School buses returning to the road, how to keep kids safe

Posted at 6:49 AM, Aug 27, 2018
and last updated 2018-08-27 07:09:59-04

Thousands of metro Detroit parents are preparing to send their children back to school, but everyone will be dealing with extra congestion on the roads as school buses return to the road.

While school buses aren’t new, their return naturally brings changes every year to driving habits.

John Julian, a school resource officer for the Troy Police Department, told 7 Action News that it’s important that people take precautions and give themselves extra time when they’re preparing to share the road.

School buses are required to stop at all railroad crossings, and they’ll stop regularly to pick up children. School buses are large so your visibility around them is limited. It’s not just moving school buses that you need to watch out for, Officer Julian noted that a stopped bus causes safety concerns if drivers don’t pay attention.

“You never know,” said Julian. “We see it so many times, you’re crossing and you see a kid forget their backpack — or maybe they want a parent to give them a hug — they may cross in front of a school bus when you least expected it.”

In fact, the most severe accidents involved school children often happen outside of the school bus. The National Highway Traffic Safety Administration notes that 36-percent of school-age pedestrians that died in school-related accidents were struck by another vehicle on the road.

Julian warns that the added traffic can lead people to rush, pair that with distracted driving and you have a recipe for disaster.

“Texting is huge,” he said. “You’ll see a light turn green and no cars are moving, and when you get up next to them it’s because they’re texting. So, just being away that they ere is a school bus, a crosswalk, that kids are crossing the street is important because a distraction can cause a lot of danger.”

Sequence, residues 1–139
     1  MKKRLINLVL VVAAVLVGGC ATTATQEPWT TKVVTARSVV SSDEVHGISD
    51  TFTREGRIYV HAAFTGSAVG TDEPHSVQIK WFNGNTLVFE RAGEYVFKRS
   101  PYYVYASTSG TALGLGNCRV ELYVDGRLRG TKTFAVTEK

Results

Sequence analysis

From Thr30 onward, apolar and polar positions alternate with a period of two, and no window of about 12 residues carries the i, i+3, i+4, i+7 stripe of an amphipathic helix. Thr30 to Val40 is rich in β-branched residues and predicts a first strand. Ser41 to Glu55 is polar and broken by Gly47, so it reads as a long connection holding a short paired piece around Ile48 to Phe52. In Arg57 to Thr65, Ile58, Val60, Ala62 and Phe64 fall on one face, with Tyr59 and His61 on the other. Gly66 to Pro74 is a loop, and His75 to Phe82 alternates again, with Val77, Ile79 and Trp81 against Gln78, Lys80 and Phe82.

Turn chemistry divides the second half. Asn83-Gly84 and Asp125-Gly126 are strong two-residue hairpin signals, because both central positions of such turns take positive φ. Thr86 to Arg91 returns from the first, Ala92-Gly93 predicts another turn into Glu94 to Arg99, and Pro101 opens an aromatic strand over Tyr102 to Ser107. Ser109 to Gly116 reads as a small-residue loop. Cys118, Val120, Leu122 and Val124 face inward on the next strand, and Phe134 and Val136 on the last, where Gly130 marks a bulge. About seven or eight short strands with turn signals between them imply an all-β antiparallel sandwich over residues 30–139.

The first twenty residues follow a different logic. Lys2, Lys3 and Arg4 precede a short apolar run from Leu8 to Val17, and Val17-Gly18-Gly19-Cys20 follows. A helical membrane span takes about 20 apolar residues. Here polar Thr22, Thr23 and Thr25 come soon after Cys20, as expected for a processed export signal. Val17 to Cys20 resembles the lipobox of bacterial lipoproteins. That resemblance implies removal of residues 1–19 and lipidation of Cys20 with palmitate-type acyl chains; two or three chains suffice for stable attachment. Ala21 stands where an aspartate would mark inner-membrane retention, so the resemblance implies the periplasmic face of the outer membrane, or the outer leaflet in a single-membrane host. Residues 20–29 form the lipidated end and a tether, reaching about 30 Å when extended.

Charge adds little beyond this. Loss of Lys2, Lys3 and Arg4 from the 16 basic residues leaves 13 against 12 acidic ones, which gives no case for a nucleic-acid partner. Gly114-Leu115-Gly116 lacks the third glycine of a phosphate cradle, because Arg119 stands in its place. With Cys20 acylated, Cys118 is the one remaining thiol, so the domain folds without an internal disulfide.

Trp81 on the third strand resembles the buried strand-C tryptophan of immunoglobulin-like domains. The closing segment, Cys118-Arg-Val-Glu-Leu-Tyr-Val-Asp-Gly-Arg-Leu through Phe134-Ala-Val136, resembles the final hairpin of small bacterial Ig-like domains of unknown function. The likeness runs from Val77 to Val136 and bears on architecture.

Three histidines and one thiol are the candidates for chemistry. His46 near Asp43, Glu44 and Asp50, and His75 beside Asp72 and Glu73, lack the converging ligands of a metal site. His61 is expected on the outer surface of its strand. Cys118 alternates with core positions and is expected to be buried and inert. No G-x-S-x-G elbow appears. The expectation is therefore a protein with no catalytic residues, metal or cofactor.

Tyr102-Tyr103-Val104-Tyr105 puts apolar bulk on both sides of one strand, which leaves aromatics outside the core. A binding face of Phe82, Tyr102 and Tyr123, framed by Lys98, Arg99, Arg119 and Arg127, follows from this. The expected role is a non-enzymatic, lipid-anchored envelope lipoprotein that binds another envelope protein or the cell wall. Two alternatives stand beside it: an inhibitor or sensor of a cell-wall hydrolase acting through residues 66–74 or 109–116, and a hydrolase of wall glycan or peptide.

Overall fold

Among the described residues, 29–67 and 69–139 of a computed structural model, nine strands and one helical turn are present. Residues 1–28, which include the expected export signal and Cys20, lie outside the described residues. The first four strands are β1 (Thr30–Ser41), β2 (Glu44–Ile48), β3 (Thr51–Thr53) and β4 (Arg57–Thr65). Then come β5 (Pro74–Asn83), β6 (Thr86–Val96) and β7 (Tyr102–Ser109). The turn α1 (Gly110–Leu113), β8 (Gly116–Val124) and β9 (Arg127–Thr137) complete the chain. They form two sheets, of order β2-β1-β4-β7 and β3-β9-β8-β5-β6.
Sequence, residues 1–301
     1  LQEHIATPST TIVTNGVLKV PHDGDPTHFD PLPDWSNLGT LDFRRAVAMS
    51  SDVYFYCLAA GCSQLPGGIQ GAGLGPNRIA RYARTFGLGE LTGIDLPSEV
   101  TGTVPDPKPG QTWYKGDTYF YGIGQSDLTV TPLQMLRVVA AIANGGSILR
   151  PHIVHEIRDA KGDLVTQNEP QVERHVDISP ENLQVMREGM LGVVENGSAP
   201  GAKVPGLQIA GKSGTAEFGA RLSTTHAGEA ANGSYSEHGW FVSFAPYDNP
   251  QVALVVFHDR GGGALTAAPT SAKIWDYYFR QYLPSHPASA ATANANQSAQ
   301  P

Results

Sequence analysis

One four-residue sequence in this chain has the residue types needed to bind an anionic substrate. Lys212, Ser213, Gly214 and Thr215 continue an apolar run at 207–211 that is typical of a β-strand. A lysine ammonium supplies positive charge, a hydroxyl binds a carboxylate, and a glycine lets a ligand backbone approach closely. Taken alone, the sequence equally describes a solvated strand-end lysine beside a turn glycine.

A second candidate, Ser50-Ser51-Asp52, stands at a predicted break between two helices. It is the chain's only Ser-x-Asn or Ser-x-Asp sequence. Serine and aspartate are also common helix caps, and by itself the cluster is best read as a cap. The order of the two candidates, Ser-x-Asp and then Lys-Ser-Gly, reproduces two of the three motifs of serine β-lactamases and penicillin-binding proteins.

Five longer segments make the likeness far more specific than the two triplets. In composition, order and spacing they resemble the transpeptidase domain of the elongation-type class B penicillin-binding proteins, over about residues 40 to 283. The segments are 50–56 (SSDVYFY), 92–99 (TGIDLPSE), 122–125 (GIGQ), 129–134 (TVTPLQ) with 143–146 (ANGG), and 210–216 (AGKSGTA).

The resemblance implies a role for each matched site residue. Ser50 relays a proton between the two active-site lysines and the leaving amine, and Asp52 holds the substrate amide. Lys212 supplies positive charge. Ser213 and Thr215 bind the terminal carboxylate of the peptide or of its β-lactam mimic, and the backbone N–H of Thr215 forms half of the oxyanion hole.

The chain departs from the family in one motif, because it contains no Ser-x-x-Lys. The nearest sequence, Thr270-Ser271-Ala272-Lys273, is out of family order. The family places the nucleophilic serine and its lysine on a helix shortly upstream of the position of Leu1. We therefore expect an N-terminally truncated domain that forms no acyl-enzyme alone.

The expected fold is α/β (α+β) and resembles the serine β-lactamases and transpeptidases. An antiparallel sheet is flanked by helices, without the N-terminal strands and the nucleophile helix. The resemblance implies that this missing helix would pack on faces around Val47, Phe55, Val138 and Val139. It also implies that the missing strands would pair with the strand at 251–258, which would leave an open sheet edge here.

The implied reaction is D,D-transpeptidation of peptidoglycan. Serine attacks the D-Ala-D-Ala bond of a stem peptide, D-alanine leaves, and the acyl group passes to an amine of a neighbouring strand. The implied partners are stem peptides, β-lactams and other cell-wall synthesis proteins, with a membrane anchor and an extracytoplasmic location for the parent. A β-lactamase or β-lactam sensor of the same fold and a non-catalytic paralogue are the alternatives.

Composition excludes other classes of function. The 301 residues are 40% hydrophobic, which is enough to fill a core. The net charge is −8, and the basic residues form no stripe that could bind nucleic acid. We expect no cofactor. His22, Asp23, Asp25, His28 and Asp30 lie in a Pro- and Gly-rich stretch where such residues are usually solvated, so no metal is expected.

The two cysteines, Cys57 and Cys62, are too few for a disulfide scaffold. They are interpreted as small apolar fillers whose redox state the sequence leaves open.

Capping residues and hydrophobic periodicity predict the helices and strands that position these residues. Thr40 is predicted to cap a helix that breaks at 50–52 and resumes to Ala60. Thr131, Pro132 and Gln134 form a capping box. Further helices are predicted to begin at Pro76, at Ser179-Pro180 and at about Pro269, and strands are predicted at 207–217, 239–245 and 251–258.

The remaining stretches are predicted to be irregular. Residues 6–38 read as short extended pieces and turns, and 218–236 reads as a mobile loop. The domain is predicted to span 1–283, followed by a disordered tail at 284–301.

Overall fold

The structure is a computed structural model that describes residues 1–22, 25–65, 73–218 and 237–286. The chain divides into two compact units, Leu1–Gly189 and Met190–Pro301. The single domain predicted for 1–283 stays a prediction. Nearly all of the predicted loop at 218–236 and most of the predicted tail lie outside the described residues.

The Michigan State Police note that the majority of school bus-related deaths and injuries are the result of children being hit crossing the road to enter/exit a school bus. They also are providing safety tips for drivers near school buses:

* Prepare to stop when a slowing bus has its overhead yellow lights flashing
* Stop at least 20 feet away for buses when red lights are flashing, unless driving in the opposite direction on a divided highway
* Slow down in or near school and residential areas
* Look for clues-such as safety patrols, crossing guards, bicycles, and playgrounds-that indicate children might be in the area
* Watch for children between parked cars and other objects
School buses are like traffic signals
* When overhead lights are flashing yellow: Prepare to stop
* When overhead lights are flashing red: Stop
* When hazard warning lights are flashing: Proceed with caution
School bus safety tips for students:
* Always stay in sight of the bus driver
* Don't hurry off the bus; check traffic first
* Don't go back to the bus after exiting

It’s not just school buses that cause change, Officer Julian noted that crossing guards are a major concern when school returns.

“They’ll call me and say, ‘Hey, what do I do parents are trying to go by me?’” said Julian. “It’s not just parents, but people try to ‘squeeze’ around them, it’s a real issue.”

Ignoring a crossing guard is a ticketable offense, but it’s also extremely dangerous. While the back-to-school season typically draws attention for shopping, and preparing a child for school police recommend that adults take time to reassess their own schedules, and game plan additional time for their morning routine so they’re not rushing and taking risks near school children.